Translated from Spanish by Frances Riddle
When her daughter is found dead, hanging from the belfry in the local church, Elena does not accept it as suicide. She KNOWS, as only a mother can, that her piously Catholic daughter would NEVER do such a thing. Besides Rita was too terrified of lightning to be in the vicinity of the church when it was raining. The police do not listen to her protestations. Neither do her friends and acquaintances. Elena will have to investigate herself. There’s just one slight snag. Advanced Parkinson’s disease. Elena’s body will not cooperate. She will have to enlist help, and knows the very person; Isabel, who lives on the opposite side of town and whom she has not seen for 20 years.
The novel begins as Elena, who can no longer move without medication, takes the second pill of the day. It follows her painstaking journey to Isabel, and pull no punches in depicting the everyday humiliations and indignities that Parkinson’s disease (which Elena, with reason, addresses with utmost disdain) inflicts upon its victims and their caregivers. Elena’s memories of life with her daughter reveal a fractious relationship, and her stubborness and sheer bloody-mindedness, invaluable for pushing her across town, might have made life difficult for her daughter.
By the time she reaches Isabel, we know why Elena presumes she will help. She will be only too glad to repay an old debt. Isabel sees things differently, and Elena, with no choice but to sit and listen until her fourth pill kicks in, is about to be disabused not only of her assumptions re Isabel, but also re her daughter. Where Elena knew everything at the beginning, by the final page she realises she knew nothing.
Claudia Piñeiro is not unknown to an Anglophone readership. Bitter Lemon Press have previously published 4 of her crime novels. They passed over Elena Knows, originally published in 2007, probably because it is a literary novel with political persuasions. Those are precisely the reasons why Charco Press have run with it, intending to relaunch Piñeiro in English “as a writer of ethical weight and commitment”. The key mystery – that alleged debt of Isabel’s – concerns itself with a woman’s right to choose, an issue which speaks to the central theme, the restriction of a woman’s freedom whether by illness, motherhood, filial duty, men, religion or the law.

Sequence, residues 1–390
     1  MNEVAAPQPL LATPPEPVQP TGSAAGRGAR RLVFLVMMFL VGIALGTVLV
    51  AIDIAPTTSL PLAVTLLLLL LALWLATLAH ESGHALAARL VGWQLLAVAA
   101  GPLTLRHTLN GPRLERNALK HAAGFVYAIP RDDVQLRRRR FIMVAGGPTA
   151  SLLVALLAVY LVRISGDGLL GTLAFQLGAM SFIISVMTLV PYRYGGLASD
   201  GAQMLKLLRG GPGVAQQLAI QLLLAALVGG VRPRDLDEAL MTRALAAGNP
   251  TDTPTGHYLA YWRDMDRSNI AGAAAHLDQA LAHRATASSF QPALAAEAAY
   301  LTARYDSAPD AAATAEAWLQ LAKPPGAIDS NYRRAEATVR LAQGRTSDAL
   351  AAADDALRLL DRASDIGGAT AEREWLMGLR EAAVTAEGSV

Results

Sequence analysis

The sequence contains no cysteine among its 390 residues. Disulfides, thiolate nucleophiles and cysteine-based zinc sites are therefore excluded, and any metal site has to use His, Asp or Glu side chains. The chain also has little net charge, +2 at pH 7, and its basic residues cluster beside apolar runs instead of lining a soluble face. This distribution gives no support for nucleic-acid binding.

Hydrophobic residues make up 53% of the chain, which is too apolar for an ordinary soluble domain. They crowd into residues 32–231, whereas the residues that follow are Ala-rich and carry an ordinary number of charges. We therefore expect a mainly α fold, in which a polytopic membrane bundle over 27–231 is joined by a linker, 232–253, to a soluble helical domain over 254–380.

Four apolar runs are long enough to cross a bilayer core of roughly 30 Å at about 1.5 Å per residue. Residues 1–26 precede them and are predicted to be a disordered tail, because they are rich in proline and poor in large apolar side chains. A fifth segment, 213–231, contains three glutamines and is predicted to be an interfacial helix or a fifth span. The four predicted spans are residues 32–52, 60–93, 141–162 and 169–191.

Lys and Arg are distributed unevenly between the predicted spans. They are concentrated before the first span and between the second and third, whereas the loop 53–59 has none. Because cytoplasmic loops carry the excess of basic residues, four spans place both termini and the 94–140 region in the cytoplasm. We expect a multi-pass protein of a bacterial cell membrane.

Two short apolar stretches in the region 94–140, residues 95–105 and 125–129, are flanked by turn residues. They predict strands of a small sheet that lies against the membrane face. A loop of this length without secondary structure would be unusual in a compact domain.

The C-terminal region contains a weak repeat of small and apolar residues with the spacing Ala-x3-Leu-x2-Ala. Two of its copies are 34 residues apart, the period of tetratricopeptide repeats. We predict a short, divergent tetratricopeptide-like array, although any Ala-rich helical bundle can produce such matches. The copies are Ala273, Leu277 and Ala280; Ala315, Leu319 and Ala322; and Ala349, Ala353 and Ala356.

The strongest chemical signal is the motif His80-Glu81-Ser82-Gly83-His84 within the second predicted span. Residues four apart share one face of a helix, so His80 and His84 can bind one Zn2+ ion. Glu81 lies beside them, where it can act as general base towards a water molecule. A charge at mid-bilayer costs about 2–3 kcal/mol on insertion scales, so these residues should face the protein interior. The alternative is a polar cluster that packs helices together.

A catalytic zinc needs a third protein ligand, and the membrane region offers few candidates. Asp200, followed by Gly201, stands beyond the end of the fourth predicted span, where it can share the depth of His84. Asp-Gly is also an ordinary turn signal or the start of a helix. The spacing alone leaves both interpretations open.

From what I understand, Piñeiro has become even more political in her more recent output, in which case I’ll probably not follow her path. (Never say never, as Isabel says.) I look forward to reading her crime fiction, however, for Elena Knows is very well written (and translated). You know how I love a metaphor – Parkinson’s disease has rendered Elena unable to hold her head straight. She now lives in a permanently bowed position, restricting her view and limiting her perspective. Which tells you exactly what you need to know about the main character’s point-of-view.